I've often reflected on what the Cross means. I think of not only the pain of it for Him, but also his shame and humiliation. The crowds hurling insults at him, spitting at him, taunting him. The whipping that laid his internal organs open to exposure. The nails being driven through his hands and feet. His crown of thorns digging into his skull. So much pain, so much humiliation, yet he thought not once of himself. He could have avoided this, yet he went to the Cross willingly.

The most amazing thing about it, is that he did this for me.

I did nothing to deserve this. There is no way I could deserve this. Yet he did this anyway.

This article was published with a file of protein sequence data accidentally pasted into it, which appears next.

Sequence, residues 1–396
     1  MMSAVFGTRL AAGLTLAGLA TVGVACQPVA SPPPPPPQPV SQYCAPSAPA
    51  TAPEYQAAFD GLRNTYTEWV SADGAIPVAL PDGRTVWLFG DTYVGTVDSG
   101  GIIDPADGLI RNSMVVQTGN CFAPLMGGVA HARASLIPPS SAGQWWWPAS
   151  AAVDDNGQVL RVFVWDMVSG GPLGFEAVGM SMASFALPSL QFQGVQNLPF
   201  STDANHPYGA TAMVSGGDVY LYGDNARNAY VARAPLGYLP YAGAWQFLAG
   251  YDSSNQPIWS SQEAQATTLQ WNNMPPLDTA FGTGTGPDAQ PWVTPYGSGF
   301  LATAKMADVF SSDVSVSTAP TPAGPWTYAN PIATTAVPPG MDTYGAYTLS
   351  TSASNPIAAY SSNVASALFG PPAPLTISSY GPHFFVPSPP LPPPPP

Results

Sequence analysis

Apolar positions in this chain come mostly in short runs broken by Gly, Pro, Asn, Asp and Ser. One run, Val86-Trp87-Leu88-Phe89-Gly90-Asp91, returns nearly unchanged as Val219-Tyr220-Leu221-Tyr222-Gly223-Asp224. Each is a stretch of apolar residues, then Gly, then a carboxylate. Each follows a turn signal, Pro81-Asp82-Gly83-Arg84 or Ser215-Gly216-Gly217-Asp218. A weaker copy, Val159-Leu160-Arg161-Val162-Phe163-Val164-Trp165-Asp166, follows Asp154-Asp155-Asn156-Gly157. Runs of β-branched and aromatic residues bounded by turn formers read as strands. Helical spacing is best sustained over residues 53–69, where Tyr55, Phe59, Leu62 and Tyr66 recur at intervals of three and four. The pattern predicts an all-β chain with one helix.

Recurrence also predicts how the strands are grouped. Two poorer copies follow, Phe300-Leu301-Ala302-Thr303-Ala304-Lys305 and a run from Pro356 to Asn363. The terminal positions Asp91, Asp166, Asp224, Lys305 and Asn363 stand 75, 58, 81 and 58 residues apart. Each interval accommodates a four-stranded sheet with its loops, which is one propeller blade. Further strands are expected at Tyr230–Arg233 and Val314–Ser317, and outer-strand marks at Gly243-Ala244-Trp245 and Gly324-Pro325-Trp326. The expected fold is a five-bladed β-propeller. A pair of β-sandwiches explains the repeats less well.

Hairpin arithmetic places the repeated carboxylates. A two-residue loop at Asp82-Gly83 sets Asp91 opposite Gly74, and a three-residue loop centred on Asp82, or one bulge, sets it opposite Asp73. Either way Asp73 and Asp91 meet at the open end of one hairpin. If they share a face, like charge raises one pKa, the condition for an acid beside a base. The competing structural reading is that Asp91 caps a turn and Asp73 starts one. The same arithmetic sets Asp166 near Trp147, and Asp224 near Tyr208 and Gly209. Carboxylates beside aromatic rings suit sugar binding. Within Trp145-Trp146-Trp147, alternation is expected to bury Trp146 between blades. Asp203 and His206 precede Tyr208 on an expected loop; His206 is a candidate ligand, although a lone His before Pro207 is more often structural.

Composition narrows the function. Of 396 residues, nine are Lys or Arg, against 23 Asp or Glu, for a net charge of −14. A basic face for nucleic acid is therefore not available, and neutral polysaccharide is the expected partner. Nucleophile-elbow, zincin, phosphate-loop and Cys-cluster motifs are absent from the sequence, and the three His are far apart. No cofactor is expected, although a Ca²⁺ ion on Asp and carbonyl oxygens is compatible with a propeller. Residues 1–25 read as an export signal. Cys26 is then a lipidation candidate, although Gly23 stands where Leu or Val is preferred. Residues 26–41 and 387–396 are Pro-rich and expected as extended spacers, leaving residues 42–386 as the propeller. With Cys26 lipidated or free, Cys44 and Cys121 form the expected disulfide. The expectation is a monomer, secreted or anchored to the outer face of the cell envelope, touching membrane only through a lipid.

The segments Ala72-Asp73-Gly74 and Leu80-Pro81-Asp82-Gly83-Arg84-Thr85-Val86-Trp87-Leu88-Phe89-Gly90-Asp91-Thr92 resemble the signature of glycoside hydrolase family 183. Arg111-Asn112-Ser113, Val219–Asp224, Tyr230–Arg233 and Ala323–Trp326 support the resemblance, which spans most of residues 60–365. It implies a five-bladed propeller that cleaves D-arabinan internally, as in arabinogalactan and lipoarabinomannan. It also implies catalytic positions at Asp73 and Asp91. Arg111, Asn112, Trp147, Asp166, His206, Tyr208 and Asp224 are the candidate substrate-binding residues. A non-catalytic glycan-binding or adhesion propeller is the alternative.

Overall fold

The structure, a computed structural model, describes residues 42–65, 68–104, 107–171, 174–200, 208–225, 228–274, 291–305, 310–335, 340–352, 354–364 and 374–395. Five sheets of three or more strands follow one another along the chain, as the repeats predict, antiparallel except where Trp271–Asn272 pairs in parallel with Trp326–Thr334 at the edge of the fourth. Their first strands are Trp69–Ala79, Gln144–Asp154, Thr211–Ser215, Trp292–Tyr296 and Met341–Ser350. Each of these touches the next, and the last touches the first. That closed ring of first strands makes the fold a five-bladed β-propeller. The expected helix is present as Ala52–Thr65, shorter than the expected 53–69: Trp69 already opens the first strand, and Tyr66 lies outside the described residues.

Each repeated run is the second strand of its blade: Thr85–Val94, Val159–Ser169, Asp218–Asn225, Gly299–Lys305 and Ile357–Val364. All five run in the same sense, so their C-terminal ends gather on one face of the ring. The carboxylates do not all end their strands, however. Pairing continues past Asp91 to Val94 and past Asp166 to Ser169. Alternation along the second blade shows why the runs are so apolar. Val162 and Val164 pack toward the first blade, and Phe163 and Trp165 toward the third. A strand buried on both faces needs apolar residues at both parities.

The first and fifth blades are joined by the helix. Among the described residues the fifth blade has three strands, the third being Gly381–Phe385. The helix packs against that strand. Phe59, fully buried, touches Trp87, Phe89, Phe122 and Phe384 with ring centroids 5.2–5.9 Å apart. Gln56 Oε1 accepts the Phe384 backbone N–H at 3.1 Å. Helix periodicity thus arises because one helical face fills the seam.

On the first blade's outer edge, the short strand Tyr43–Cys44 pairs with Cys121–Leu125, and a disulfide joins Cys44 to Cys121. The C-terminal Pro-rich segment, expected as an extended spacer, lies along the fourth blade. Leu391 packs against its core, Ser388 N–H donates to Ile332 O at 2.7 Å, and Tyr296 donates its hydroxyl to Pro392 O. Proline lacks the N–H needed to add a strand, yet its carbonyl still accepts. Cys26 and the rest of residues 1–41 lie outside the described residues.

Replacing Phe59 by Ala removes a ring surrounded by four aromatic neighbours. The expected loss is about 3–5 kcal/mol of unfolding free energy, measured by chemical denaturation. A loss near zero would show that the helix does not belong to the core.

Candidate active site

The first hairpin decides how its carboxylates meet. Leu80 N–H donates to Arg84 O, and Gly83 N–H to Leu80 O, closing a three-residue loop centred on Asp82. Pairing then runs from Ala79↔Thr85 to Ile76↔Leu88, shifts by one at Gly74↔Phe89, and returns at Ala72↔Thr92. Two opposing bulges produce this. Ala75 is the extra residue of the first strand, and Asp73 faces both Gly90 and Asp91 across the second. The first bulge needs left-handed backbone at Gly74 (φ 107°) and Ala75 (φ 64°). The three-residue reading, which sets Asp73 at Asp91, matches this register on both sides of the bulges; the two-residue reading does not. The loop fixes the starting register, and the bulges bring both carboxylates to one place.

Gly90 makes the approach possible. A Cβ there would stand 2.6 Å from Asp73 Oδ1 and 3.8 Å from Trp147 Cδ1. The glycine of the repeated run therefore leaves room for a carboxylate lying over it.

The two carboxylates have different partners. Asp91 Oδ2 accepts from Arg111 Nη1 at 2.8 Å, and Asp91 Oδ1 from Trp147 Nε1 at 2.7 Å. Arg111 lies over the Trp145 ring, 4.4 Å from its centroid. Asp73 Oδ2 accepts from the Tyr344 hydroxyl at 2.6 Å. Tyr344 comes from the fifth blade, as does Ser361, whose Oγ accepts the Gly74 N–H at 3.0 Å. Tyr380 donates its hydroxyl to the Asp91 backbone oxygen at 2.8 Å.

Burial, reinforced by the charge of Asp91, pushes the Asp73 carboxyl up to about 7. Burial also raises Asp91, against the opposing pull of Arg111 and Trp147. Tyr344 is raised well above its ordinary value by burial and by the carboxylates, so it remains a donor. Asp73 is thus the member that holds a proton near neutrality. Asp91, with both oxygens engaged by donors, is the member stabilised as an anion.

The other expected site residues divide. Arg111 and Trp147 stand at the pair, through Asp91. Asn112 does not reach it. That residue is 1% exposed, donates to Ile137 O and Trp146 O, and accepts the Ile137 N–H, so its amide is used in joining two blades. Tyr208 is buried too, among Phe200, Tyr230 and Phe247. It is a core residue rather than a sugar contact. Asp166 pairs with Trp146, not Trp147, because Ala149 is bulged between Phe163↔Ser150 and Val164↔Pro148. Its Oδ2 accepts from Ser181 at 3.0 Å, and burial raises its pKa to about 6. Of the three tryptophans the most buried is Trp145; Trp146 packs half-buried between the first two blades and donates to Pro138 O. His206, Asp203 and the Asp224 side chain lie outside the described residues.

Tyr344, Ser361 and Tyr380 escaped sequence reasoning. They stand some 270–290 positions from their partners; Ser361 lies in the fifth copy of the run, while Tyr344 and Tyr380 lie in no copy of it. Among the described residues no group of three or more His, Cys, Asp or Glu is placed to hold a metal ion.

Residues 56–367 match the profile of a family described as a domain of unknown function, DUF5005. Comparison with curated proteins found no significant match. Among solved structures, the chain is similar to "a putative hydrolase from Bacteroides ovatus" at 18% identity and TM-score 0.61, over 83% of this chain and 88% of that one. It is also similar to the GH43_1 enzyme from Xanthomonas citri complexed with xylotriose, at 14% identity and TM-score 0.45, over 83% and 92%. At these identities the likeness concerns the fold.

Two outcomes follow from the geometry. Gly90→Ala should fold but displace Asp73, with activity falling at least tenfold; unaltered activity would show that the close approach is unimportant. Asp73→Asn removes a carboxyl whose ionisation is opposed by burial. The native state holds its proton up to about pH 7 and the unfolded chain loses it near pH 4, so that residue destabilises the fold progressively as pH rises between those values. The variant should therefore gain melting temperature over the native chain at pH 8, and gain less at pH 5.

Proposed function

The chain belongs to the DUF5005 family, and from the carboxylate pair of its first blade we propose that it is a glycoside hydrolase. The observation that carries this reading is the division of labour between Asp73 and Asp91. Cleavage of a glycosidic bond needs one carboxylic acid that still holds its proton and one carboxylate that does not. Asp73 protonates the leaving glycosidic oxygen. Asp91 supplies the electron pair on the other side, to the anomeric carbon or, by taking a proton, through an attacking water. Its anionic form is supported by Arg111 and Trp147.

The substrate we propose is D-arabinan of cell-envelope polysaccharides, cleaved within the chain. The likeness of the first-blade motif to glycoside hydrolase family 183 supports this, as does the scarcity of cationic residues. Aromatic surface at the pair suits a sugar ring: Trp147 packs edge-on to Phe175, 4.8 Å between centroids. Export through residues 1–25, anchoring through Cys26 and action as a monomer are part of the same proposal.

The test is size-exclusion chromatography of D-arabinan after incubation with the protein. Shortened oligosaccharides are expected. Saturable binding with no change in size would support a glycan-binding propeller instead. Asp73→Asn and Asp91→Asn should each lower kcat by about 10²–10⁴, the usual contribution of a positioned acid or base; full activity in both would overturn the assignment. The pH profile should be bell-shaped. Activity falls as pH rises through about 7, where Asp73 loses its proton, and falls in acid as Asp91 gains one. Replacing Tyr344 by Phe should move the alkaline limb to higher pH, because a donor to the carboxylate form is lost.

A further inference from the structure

He loves me that much. And I could never earn this love, his love is freely given.

In response to this...I feel it's only rational to respond to this love in some way. I know that I don't deserve what he has done for me, but still, it inspires me to want to do something about it.

It inspires me to be as much like Him as I can be.

That's what I try to do every day.

Saturday, July 04, 2009

July 3 - Saskatchewan Roughriders vs. BC Lions

Let me say first off that I'm a pretty big Roughies fan, so I'm very happy my guys won 28-24. I just thought I'd share my thoughts on the game last night. You can watch the highlights here.

One...I don't know if it was first game of the season jitters or what...but hanging on to the ball seemed to be an issue for both clubs. There were 15 turnovers this game, and 48 points scored off of turnovers.